In no other branch of mathematics is it so easy for experts to blunder as in probability theory.

Probability theory is nothing but common sense reduced to calculation.

Probability is expectation founded upon partial knowledge. A perfect acquaintance with all the circumstances affecting the occurrence of an event would change expectation into certainty, and leave nether room nor demand for a theory of probabilities.

The 50-50-90 rule: Anytime you have a 50-50 chance of getting something right, there's a 90% probability you'll get it wrong.

The theory of probabilities is at bottom nothing but common sense reduced to calculus; it enables us to appreciate with exactness that which accurate minds feel with a sort of instinct for which of times they are unable to account.

At a purely formal level, one could call probability theory the study of measure spaces with total measure one, but that would be like calling number theory the study of strings of digits which terminate.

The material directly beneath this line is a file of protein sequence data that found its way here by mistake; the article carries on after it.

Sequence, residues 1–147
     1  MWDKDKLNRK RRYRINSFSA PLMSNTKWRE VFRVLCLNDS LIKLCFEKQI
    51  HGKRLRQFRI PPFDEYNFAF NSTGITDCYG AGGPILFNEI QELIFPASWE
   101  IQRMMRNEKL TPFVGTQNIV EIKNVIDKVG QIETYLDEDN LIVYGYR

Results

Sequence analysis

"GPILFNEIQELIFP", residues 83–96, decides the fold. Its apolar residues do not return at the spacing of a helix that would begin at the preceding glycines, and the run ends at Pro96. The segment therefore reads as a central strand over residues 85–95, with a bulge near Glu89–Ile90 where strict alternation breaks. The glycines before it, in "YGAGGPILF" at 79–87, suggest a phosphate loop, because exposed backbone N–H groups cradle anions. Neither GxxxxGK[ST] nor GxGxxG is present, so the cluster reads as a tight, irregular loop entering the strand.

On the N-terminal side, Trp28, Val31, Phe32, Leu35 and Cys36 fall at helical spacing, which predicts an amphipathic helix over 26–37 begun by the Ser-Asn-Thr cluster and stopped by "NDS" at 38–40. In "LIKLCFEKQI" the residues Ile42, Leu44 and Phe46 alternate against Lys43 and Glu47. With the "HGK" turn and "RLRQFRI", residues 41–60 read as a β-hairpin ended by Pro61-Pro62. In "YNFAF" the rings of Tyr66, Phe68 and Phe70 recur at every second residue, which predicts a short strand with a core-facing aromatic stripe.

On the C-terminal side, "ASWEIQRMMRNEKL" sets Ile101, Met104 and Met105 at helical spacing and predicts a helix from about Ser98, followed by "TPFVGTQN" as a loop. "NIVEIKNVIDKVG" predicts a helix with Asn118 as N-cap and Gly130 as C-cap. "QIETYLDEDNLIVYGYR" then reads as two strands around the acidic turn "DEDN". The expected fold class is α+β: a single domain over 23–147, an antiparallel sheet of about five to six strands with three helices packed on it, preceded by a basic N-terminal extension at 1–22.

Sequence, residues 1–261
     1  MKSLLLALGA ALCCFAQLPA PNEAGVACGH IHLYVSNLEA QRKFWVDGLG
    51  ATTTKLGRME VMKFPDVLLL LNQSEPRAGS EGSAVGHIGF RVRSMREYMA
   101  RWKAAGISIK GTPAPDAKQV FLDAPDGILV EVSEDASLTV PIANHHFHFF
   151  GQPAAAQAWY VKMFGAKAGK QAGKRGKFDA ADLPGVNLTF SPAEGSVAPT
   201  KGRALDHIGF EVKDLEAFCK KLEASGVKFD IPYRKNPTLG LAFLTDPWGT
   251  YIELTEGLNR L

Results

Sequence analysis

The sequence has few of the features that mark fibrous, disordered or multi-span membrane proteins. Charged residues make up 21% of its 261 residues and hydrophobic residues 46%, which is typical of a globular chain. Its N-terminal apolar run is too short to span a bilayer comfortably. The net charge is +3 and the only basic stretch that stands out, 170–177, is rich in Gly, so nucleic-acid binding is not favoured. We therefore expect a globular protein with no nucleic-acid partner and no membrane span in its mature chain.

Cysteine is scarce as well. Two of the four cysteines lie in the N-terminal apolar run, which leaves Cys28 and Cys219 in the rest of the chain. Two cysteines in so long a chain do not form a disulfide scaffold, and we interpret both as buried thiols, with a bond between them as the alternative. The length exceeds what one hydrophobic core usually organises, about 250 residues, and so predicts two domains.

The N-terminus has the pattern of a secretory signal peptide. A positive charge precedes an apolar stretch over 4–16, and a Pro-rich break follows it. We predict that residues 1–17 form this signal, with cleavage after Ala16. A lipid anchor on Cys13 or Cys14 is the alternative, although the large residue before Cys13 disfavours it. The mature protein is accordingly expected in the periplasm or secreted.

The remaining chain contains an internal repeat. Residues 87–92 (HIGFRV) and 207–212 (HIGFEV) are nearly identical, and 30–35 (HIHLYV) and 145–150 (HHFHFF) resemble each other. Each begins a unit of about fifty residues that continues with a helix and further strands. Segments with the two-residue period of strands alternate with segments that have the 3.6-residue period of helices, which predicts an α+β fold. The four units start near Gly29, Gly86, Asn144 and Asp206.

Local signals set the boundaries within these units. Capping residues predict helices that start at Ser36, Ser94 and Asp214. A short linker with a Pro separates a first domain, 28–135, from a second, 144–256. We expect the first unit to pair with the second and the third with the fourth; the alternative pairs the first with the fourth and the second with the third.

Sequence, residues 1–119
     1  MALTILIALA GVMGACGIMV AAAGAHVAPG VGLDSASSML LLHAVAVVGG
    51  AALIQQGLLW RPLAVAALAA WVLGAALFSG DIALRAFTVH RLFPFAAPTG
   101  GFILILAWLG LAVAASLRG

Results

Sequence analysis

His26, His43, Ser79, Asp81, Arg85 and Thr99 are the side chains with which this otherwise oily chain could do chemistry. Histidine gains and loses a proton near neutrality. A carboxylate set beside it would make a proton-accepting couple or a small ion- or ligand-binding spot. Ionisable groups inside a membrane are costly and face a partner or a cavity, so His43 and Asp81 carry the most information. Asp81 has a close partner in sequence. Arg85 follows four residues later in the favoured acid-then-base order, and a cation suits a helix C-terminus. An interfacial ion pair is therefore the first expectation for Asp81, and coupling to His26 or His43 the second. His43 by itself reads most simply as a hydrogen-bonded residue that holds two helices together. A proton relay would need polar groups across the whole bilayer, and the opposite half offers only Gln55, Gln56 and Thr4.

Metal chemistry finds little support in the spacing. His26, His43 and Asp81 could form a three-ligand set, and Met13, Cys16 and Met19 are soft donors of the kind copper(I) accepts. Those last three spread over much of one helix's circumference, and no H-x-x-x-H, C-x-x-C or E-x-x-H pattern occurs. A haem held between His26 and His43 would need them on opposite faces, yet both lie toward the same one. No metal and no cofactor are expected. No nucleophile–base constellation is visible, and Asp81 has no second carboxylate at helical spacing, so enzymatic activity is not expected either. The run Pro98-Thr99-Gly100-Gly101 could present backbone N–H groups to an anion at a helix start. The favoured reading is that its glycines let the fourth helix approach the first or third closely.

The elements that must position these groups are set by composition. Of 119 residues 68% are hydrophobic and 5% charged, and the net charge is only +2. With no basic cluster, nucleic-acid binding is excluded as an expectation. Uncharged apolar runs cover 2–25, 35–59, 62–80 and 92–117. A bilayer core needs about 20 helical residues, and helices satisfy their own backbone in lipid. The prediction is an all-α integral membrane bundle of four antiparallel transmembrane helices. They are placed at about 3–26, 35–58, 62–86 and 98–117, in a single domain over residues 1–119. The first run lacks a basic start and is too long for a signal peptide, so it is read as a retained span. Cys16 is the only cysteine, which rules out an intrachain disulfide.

It was our use of probability theory as logic that has enabled us to do so easily what was impossible for those who thought of probability as a physical phenomenon associated with "randomness". Quite the opposite; we have thought of probability distributions as carriers of information.

Coincidences, in general, are great stumbling blocks in the way of that class of thinkers who have been educated to know nothing of the theory of probabilities- that theory to which the most glorious objects of human research are indebted for the most glorious of illustration.

Entropy theory, on the other hand, is not concerned with the probability of succession in a series of items but with the overall distribution of kinds of items in a given arrangement.

I failed math twice, never fully grasping probability theory. I mean, first off, who cares if you pick a black ball or a white ball out of the bag? And second, if you’re bent over about the color, don’t leave it to chance. Look in the damn bag and pick the color you want.

One of the most striking and fundamental things about probability theory is that it leads to an understanding of the otherwise strange fact that events which are individually capricious and unpredictable can, when treated en masse, lead to very stable average performances.

Maybe we should teach schoolchildren probability theory and investment risk management.

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